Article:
Audio Encoding

Lame was compiled from source without optimizations. We only ran ./configure and make, without any flags. We realize that some people would like to verify our binaries and sample files for their own benchmarks. In order to save bandwidth and prevent copyright infractions, we will provide our test files and binaries under limited circumstances to serious inquiries. We ran lame on a 700MB .wav file using the command equivalent to the one below:

# lame sample.wav -b 192 -m s -h >/dev/null

Encoding time, lower is better.

lame 1.96


Although POV-RAY is limited in application (particularly when compared against Mental Ray), it does provide a free open source solution for basic rendering. POV-Ray 3.50c was our choice of render engine for this benchmark. For benchmark specifics, we run the exact benchmark as specified by the POV-Ray official site. We use the precompiled RPM for this test.

Render Time in Seconds, less is better.

POV-Ray 3.05c

POV-Ray does not have multithread support, so we were not surprised to see the HyperThreading configuration slowing down to the configuration without HT. We see the Athlon 64 processor pull way ahead; render tasks are extremely CPU and memory dependant. With the memory controller on the CPU, Athlon 64 becomes the stronger offering in this situation.


To throw in some rudimentary tests for GZip, we used the included GZip 1.3.5 to compress the .wav file from the benchmark above. We do not want to limit our I/O on writing to the hard drive, so the operation is performed as below:

# time gzip -c sample.wav > /dev/null

Gzip 1.3.5

Intel wins their first bout of the analysis, albeit not by much. We will find a recurring pattern later on with integer based calculations and the Nocona Xeon processor. The entire Prescott family of Intel CPUs received a dedicated integer multiplier rather than continually using the floating point multiplier. This becomes extremely useful in some of our other benchmarks.

Database Performance

We will run the standard SQL-bench suite included with RPM MySQL 4.0.20d.

MySQL 4.0.20d - Test-Select

MySQL 4.0.20d - Test-Insert

Of all our benchmarks, the SQL-bench becomes the most baffling. The extremely threaded database application performs particularly poorly with HyperThreading enabled. The Althon 64 outperforms Intel again in this benchmark, and a lot of it is almost certainly accredited to the on die memory controller again.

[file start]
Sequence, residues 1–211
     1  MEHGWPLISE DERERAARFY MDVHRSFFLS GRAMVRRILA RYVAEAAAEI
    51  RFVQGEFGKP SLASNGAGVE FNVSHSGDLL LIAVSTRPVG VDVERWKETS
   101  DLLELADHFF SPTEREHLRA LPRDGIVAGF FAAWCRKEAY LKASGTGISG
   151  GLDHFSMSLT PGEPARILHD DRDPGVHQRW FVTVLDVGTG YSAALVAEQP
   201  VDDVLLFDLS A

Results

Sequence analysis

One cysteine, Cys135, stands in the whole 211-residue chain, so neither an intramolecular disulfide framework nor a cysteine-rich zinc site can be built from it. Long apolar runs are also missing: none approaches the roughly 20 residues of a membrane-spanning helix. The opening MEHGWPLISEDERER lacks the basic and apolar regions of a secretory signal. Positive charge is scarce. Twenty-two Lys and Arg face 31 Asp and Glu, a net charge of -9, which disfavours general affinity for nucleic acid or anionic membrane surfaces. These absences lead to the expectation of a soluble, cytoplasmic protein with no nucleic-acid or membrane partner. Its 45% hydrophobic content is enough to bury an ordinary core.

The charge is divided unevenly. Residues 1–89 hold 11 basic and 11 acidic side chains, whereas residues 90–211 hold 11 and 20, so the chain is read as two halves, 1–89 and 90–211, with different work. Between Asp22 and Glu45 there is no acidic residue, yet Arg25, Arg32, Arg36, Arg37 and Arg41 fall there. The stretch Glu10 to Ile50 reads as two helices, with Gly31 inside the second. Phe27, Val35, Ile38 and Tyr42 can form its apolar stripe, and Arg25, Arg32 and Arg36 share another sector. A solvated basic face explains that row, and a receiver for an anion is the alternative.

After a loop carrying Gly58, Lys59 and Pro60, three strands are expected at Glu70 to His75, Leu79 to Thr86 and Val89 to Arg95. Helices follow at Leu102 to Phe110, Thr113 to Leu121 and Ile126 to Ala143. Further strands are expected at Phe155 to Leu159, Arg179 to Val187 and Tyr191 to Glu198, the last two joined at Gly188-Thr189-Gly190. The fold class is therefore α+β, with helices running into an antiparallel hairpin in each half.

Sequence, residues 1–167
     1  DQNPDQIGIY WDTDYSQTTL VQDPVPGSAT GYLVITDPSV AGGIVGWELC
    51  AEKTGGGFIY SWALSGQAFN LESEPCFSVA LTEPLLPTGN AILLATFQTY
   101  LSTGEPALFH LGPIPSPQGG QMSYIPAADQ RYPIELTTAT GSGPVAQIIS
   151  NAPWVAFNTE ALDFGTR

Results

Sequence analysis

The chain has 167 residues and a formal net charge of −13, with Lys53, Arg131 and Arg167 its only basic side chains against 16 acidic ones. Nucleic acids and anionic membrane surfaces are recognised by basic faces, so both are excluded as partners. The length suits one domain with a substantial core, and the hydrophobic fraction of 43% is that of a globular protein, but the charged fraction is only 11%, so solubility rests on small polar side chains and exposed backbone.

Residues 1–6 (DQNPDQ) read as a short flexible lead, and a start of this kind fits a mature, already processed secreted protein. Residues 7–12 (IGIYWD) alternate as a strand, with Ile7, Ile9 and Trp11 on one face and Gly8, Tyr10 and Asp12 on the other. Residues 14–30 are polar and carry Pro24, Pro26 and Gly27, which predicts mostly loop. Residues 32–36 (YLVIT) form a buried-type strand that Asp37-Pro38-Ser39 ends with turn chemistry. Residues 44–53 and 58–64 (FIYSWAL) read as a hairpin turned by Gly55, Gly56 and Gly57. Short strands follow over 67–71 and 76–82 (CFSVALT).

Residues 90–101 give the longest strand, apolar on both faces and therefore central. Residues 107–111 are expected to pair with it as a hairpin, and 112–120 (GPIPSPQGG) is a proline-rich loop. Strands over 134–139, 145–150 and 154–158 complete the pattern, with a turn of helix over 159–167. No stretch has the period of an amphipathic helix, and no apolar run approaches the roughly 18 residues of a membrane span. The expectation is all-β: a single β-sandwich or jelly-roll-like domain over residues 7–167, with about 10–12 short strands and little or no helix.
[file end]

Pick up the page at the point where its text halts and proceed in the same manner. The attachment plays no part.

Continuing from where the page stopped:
Update: We copied the 32-bit marks from our benchmark in previous testing instead of the 64-bit. You can view the previous articles here from a month ago. The graphs have also been updated.
Index Synthetic Benchmarks
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  • Jeff7181 - Monday, August 9, 2004 - link

    Ooops... I really wish it was possible to edit these. =) What I meant to say was...

    "... especially since 2/3 of those benchmarks..."
  • Jeff7181 - Monday, August 9, 2004 - link

    I would like to see some Pentium 4 3.6 GHz numbers in there too so we can see the effect of Intel's x86-64 support. With the data available, it's impossible to decide whether Intel has integrated it properly and gets a performance boost, or if a 3.6 GHz Xeon is just naturally that much faster than an Athlon-64 3500+... especially since 92/3 of those benchmarks are not benchmarks I've ever seen you run before so I have no idea how ANY other processor compares.

    Sorry Kristopher, but this was a BAD article. There's not nearly enough information to draw any useful conclusions.
  • gimp0 - Monday, August 9, 2004 - link

    this was probably the worst comparison ever. At least give us some game benchmarks like UT2004 64bit and let us see some real numbers.

    Server CPU against a mianstream chip in a database environment will surely favor the xeon.

    whatever though
  • the5thgeek - Monday, August 9, 2004 - link

    what is the reason for comparing the new intel processor against the slowest socket 939 processor? why not a FX53 or 3800?
  • DrMrLordX - Monday, August 9, 2004 - link

    What the hell made you run a 3.6 ghz Nocona vs the 3500+?!? Try running it against an Opteron 150! For crying out loud . . .

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